Electron microscopy
Degradation of EDS Spatial Resolution due to Specimen Drift
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X-ray acquisition time must be short enough to ensure that spatial resolution is not degraded by specimen drift and contamination and to ensure that artifact is not generated by beam damage.

The count of X-ray acquisition can be increased mainly by:
         i) Increase of acquisition time. The acquisition time may be increased if we have good stability of specimen stage and drift-correction software is used.
         ii) Increase of solid angle of EDS detector.
         iii) Thicker TEM specimens or SEM specimens are used. However, there are some drawbacks if such specimens are used.

In analytical TEM analysis, specimen not only drifts in horizontal x- and y-directions but also in z-direction. In modern EELS mapping, the speciment drift in x- and y-directions can be corrected with user interface (UI) on software, e.g. Gatan DigitalMicrograph. Unfortunately, the drift in z-direction cannot be corrected during the measurement.

Furthermore, in analytical measurements, including EELS and EDS, convergent electron probe in STEM mode is used. Focus point of the beam does not move with time when the the specimen drifts up or down as shown in Figure 3125a. Therefore, the spatial resolution of such elemental mapping is degraded by specimen drift in the z-direction.

It is well-known that the spatial resolution of the measurements can be estimated by the diameter of the probe irradiation on the specimen. Assuming the specimen is infinitely thin, then the spatial resolution is given by:
          Spatial Resolution due to Specimen Drift -------------------------------- [3125]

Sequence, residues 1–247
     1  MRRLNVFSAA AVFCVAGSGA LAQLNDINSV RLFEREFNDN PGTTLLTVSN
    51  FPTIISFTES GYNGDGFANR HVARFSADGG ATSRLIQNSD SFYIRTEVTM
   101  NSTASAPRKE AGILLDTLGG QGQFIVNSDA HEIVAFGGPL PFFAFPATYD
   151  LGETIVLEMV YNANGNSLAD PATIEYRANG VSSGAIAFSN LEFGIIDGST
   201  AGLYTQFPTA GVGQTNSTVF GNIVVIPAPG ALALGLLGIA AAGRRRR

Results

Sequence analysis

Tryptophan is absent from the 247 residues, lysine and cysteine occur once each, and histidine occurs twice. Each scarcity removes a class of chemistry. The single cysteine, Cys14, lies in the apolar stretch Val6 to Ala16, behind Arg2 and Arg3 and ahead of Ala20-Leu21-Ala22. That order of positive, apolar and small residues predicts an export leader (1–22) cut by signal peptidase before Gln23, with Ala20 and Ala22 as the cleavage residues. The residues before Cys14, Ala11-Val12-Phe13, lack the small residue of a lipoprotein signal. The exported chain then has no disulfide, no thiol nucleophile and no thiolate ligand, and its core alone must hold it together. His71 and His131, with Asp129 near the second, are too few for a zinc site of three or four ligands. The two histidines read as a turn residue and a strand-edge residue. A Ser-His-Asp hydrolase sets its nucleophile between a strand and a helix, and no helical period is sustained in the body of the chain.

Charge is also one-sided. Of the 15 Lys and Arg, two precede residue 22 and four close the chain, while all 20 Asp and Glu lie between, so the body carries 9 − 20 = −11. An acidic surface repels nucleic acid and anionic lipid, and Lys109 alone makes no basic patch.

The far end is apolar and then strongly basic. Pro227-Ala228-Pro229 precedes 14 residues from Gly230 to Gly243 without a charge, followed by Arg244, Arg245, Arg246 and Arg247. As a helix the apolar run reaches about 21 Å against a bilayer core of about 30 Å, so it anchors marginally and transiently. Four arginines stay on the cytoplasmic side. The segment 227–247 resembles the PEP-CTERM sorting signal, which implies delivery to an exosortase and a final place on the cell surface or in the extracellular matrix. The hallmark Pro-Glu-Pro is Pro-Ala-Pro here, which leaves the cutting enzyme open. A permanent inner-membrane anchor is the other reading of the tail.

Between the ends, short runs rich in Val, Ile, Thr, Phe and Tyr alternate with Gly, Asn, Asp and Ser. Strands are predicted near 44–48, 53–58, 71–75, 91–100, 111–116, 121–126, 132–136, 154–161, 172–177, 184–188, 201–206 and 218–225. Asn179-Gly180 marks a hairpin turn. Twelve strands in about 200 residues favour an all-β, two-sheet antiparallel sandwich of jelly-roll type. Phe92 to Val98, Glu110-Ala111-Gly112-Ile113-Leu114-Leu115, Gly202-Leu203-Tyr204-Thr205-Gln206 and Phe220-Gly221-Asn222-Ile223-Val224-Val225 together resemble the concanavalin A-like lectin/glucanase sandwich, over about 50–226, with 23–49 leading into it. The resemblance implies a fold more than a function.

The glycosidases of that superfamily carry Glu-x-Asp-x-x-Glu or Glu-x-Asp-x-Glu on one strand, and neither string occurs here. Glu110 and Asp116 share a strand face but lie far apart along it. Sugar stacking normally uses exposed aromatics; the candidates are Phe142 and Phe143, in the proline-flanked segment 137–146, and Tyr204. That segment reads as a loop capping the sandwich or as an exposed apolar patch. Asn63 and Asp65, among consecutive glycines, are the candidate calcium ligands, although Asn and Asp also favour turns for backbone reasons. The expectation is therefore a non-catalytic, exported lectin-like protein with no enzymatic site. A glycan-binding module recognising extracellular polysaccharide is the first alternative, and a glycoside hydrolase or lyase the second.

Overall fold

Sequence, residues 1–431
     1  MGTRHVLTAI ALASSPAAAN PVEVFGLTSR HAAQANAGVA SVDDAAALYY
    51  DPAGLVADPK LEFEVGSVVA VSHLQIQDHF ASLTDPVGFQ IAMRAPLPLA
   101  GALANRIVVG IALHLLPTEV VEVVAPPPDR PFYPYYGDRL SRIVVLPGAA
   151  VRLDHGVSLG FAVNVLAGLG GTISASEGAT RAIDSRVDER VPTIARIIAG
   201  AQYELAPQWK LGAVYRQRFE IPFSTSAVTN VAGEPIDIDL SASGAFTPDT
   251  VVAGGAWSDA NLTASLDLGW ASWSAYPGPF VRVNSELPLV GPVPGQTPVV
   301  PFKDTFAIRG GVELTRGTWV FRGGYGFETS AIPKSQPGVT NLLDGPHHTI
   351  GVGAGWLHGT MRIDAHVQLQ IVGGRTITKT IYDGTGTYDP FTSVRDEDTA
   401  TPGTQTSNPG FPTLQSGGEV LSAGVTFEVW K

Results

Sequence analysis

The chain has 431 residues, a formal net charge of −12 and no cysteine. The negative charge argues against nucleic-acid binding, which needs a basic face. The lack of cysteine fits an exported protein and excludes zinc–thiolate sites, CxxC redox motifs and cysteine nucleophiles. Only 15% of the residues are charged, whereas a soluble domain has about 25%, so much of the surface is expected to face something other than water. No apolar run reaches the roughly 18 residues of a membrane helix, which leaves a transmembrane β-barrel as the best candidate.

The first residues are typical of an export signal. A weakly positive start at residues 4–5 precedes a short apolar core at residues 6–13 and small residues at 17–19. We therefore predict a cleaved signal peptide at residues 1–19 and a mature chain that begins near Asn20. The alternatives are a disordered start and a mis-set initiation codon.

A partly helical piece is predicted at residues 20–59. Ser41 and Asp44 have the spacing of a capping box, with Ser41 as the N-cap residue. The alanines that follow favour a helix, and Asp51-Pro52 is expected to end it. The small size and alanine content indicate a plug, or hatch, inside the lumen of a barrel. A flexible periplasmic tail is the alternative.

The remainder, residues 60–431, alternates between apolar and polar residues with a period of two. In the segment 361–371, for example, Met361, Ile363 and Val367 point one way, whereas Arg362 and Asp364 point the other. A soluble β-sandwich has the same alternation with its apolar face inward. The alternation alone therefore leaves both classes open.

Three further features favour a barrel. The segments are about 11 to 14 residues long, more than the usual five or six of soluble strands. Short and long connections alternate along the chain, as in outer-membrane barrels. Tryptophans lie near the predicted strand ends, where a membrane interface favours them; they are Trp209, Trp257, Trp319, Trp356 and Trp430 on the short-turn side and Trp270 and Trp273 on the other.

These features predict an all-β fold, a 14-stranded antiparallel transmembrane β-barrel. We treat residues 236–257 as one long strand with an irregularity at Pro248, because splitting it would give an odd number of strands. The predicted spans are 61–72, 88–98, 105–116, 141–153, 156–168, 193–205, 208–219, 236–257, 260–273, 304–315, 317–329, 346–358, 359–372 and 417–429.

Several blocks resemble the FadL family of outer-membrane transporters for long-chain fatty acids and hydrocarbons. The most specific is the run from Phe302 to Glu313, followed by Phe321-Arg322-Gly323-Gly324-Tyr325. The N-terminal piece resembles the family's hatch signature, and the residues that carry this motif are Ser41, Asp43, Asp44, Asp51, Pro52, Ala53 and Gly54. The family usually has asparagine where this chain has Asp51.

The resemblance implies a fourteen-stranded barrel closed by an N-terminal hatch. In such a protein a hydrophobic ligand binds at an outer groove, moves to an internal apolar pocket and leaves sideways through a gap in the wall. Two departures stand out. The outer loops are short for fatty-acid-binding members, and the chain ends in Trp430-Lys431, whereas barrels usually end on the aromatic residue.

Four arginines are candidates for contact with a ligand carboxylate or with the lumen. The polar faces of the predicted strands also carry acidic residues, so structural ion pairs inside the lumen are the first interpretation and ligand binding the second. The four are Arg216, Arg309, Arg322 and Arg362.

α -- The convergence semiangle,
          h -- The drift height (see Figure 3125a).

Spatial Resolution due to Specimen Drift

Figure 3125a. Spatial resolution affected by the specimen drift in the z-direction: (a) No drift (stays in focus), (b) Specimen drifts up, and (c) Specimen drifts down.

For instance, a = 0.015·2h when the convergence semiangle α is 15 mrad, which is used in many TEM systems. Figure 3125b shows that the drift does not have significant effect on spatial resolution in short time, while it significantly degrades spatial resolution in long time data acquisition, e.g. EDS and EELS mapping of a large area. Therefore, in practice, STEM imaging can be done immediately after the region of interest in the TEM specimen has been localized since the acquistion just takes few seconds normally; however, we need to wait for stabilizing the specimen before starting the experiment if elemental mapping of a large area is needed because it takes a long acquistion time. It is necessary to mention that, in practice, the focus still needs to be corrected even though the specimen is stabilized after a while, since it still drifts randomly.

Examples of drift effect on spatial resolution
Examples of drift effect on spatial resolution
Figure 3125b. Examples of drift effect on spatial resolution: (a) with short data acquisitions and (b) with long data acquisitions.